I think that the reason that we came out here and did this, is still really important to us and not something that we want to give up on at all. I think now that we have been here and now that we have decide to give ourselves time, we can work out the kinks


This, I think was what I imagined our life in the tent would be like . . . unfortunately it wasn’t our reality 😉

I endeavor to keep my blog, if you still fancy keeping up with what we are doing.

Almost two months and still settling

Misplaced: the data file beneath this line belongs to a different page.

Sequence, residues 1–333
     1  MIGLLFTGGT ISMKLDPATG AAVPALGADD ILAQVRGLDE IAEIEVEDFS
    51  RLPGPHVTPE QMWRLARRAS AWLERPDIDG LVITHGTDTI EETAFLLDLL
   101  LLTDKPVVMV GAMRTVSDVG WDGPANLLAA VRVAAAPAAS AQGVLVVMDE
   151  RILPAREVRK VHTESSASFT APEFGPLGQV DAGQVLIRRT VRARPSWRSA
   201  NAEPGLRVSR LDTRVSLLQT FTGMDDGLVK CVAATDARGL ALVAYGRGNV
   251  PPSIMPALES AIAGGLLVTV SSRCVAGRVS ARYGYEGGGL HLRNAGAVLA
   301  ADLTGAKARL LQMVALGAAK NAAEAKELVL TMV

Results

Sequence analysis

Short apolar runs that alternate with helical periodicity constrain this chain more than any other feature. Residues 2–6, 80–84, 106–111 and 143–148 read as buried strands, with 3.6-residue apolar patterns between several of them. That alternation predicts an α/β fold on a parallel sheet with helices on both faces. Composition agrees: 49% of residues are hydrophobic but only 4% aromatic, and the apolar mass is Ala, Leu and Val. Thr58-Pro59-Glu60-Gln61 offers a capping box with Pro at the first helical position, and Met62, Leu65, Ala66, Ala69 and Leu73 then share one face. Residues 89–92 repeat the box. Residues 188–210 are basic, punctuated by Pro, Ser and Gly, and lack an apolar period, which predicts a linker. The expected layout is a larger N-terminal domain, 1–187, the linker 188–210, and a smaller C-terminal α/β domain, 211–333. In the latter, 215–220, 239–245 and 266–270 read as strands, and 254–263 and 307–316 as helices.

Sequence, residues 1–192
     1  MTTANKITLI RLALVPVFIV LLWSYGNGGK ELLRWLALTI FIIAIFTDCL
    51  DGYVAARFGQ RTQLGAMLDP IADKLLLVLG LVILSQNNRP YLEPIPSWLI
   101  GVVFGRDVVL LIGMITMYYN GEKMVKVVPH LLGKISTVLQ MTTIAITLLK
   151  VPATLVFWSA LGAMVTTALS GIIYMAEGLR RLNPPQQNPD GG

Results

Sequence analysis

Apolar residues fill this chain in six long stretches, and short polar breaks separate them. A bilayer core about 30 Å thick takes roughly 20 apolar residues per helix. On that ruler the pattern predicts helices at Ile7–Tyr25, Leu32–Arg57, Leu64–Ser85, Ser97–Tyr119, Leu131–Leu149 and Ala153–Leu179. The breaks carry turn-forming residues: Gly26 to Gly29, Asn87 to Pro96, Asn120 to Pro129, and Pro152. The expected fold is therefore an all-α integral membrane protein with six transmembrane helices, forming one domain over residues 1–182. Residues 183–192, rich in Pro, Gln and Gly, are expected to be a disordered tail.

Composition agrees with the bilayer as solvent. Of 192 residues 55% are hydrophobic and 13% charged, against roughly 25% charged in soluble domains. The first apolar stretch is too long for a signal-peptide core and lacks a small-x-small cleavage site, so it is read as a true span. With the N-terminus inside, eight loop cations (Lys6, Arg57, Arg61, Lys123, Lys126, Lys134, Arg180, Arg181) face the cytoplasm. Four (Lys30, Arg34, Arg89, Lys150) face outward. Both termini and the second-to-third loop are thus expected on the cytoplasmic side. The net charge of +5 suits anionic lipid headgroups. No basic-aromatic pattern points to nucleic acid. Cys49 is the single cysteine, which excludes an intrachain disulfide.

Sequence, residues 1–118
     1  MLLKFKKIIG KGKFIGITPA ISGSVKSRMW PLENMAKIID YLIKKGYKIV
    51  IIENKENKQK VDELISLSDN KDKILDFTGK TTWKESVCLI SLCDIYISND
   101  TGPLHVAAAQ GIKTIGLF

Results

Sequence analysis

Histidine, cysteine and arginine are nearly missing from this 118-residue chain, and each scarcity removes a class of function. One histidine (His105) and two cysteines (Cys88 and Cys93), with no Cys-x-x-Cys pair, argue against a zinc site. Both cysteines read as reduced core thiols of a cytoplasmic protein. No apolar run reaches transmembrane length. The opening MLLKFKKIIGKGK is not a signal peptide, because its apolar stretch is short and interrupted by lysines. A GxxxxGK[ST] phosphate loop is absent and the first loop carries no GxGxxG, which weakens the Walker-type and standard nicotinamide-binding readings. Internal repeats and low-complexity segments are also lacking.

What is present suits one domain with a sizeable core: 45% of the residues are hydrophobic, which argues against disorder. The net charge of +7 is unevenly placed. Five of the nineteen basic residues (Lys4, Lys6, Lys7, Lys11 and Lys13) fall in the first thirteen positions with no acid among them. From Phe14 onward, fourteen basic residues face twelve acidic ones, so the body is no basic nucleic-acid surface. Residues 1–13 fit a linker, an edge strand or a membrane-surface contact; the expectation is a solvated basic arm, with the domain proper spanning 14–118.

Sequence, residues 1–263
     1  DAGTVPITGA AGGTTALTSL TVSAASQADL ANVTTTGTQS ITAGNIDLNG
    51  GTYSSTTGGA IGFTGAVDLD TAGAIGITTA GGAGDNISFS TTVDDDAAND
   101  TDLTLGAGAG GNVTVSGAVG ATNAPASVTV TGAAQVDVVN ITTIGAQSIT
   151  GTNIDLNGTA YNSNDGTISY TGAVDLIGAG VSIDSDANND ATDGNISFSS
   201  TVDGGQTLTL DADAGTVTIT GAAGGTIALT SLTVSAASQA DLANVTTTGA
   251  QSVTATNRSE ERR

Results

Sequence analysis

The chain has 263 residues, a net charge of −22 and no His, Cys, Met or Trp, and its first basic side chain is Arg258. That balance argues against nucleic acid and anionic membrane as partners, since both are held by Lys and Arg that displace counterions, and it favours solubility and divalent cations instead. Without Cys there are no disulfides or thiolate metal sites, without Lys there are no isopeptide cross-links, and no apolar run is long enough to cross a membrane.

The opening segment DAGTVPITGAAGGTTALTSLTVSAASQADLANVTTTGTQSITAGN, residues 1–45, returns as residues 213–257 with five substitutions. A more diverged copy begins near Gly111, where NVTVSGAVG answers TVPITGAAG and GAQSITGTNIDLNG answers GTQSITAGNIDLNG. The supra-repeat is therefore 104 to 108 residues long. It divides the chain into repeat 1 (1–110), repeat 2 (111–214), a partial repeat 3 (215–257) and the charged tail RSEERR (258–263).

Well here we are! We have been living the tent life, just shy of two months now. It feels as if it has been a lot longer to be honest. When I think back to living in a house, it seems so long ago. I can’t honestly say that I am yet fully settled here. I don’t think I’ve had the time or allowed myself the time to settle. I guess my top priority has been the boys, making sure that they are coping with this major change in their lives, in the way that they live. People will often tell me that they’ll be fine, that kids adapt and adjust faster then us adults and while that is probably true I personally feel that it would be a very bad idea to simply dismiss their feelings and thoughts about our situation. But they are settled nicely now. They are once again reading and drawing and making up stories. I am incredibly happy and grateful about that.